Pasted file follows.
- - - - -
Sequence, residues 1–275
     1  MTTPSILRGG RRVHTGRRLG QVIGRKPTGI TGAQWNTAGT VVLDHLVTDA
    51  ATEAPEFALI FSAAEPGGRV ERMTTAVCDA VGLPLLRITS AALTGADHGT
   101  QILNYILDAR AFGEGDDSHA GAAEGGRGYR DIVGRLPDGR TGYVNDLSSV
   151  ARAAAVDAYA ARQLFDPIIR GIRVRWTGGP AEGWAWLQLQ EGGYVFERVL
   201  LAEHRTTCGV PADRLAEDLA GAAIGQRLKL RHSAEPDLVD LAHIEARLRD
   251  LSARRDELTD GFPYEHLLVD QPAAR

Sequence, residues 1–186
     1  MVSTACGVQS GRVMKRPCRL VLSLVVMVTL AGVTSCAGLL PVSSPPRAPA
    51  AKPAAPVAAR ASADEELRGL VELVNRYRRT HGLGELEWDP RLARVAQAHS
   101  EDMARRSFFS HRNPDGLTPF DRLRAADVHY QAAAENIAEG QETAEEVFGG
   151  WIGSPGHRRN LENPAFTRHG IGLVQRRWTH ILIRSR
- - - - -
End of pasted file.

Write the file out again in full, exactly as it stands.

Sequence, residues 1–275
     1  MTTPSILRGG RRVHTGRRLG QVIGRKPTGI TGAQWNTAGT VVLDHLVTDA
    51  ATEAPEFALI FSAAEPGGRV ERMTTAVCDA VGLPLLRITS AALTGADHGT
   101  QILNYILDAR AFGEGDDSHA GAAEGGRGYR DIVGRLPDGR TGYVNDLSSV
   151  ARAAAVDAYA ARQLFDPIIR GIRVRWTGGP AEGWAWLQLQ EGGYVFERVL
   201  LAEHRTTCGV PADRLAEDLA GAAIGQRLKL RHSAEPDLVD LAHIEARLRD
   251  LSARRDELTD GFPYEHLLVD QPAAR

Sequence, residues 1–186
     1  MVSTACGVQS GRVMKRPCRL VLSLVVMVTL AGVTSCAGLL PVSSPPRAPA
    51  AKPAAPVAAR ASADEELRGL VELVNRYRRT HGLGELEWDP RLARVAQAHS
   101  EDMARRSFFS HRNPDGLTPF DRLRAADVHY QAAAENIAEG QETAEEVFGG
   151  WIGSPGHRRN LENPAFTRHG IGLVQRRWTH ILIRSR